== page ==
BIG EAST Media Day Notes
By Jimmy Robertson
July 24, 2002

The BIG EAST Conference held its annual media day Wednesday in East Rutherford, N.J., and to no one's surprise, the Miami Hurricanes were picked to win the 2002 BIG EAST championship based on a poll of media representatives who cover the league on a regular basis. This marks the eighth time in 10 years that the Hurricanes have been picked as the preseason favorite to win the crown.

Miami, the defending national champion, received all 24 first-place votes despite seeing 11 players selected in April's NFL Draft, including five who went in the first round. But Miami returns nine players who earned first- or second-team all-conference honors from a season ago, including quarterback Ken Dorsey.

"We lost a lot of good players, but we'll have a good team," Miami coach Larry Coker said. "We've got a lot of good players coming back."

In a bit of a surprise, the media picked Virginia Tech to finish second. The Hokies lost six starters on a defense that finished second in the nation in total and scoring defense, and offensively, both quarterback Grant Noel and tailback Lee Suggs are coming off serious knee injuries. Still, Tech returns Kevin Jones, the league's rookie of the year last season, and Suggs' return gives the Hokies one of the nation's best backfields.

Syracuse, coming off a 10-win season, was picked to finish third followed by Boston College, Pittsburgh, West Virginia, Temple and Rutgers.

Injury report: Noel and Suggs both spent most of the session answering questions concerning their health and both issued declarations of being ready for the season. Suggs tore the ACL in his left knee in the season opener last season and missed the remainder of the year. He anticipates no problems in returning to his old self.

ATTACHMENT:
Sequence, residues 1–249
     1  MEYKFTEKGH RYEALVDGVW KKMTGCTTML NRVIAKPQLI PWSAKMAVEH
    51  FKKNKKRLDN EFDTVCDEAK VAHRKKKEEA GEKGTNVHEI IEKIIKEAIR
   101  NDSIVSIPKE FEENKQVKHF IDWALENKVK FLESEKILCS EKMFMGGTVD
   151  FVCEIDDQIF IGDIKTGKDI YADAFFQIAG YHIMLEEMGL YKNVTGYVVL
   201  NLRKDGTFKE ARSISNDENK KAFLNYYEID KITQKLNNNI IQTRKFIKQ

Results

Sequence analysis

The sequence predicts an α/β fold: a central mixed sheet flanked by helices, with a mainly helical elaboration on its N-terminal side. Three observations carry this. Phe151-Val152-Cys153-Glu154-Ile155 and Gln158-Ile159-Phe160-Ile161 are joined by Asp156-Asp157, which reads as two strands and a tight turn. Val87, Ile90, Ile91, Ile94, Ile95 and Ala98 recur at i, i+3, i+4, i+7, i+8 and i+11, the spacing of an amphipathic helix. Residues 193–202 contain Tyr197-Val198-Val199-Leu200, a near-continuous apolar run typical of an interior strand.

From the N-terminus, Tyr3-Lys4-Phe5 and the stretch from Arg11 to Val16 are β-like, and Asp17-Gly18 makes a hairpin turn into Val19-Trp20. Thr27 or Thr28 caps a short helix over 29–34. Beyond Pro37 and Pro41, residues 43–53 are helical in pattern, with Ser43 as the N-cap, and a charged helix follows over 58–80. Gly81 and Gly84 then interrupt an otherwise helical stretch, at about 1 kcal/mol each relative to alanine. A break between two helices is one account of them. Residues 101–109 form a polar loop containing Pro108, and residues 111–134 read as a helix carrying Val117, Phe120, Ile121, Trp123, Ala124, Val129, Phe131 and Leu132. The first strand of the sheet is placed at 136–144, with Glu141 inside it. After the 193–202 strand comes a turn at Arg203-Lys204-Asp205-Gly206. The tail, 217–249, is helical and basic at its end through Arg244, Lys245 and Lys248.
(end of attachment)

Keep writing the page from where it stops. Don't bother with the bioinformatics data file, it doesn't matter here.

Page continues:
As for Noel, he also tore the ACL in his left knee in a scrimmage before the spring game. Instead of undergoing reconstructive surgery which would have cost him this season Noel elected to spend the summer strengthening his leg and getting ready to play with a torn ACL.

"Everything is going well," Noel said. "My leg is strong and my knee feels great. I'll have a brace on it, but that won't be a problem. I'm anxious to get out there and get going."

The Hokies aren't the only ones with injury issues. Miami's talented tailback, Frank Gore, tore the ACL in his knee this spring and his status remains up in the air. Gore played as a true freshman last season.

"His rehab was going well and then he had a setback," Coker said. "Some infection set in, but he's doing well now.

"I've talked with him and he doesn't want to redshirt. We hope to get him back by October 1st and that would mean he'd be back for eight games. We'll have to evaluate it then."

Also, Syracuse linebacker Clifton Smith underwent surgery for a torn pectoral muscle. Smith, a first-team All-BIG EAST choice last season with 94 tackles, expects to be ready for the season.

"That's Clifton," Syracuse coach Paul Pasqualoni said. "He's worked hard and made choices because he cares. He's such an incredible leader. He's always 100 percent ready to resolve issues among his teammates and you don't find many like that."

Decision not hard for Dorsey: Dorsey, who won the Maxwell Award as the nation's top quarterback, elected to return for his senior season even though he projected as a high draft pick by NFL scouts. Dorsey threw for 2,652 yards and 23 touchdowns and is now 26-1 as a starter. Dorsey had a little help with his decision.

"I think my parents would have killed me if I had gone pro," he said. "They wanted me to finish my education and I wanted to do it. I thought at the time I was ready, but if I stayed, I would be more equipped. You can't replace game experience."

Questions at QB for Pitt: Pittsburgh coach Walt Harris saw his team win the final six games of the season, including the Tangerine Bowl, but he expressed displeasure over the play of quarterback Rod Rutherford the supposed heir apparent for departed quarterback David Priestley this spring. And at this point, Harris considers the quarterback position wide open.

"He did not separate himself from the pack," Harris said. "There's no doubt he should be the starter. But he did not get done what he should have."